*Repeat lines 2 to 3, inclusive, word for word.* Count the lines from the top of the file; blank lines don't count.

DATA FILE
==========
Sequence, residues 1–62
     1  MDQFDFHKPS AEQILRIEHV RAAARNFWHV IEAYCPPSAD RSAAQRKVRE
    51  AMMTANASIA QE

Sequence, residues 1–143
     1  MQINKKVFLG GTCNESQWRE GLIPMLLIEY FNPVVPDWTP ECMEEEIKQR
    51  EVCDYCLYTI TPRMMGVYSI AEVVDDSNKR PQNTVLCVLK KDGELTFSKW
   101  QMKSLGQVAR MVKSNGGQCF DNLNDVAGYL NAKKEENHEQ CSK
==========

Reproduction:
     1  MDQFDFHKPS AEQILRIEHV RAAARNFWHV IEAYCPPSAD RSAAQRKVRE
    51  AMMTANASIA QE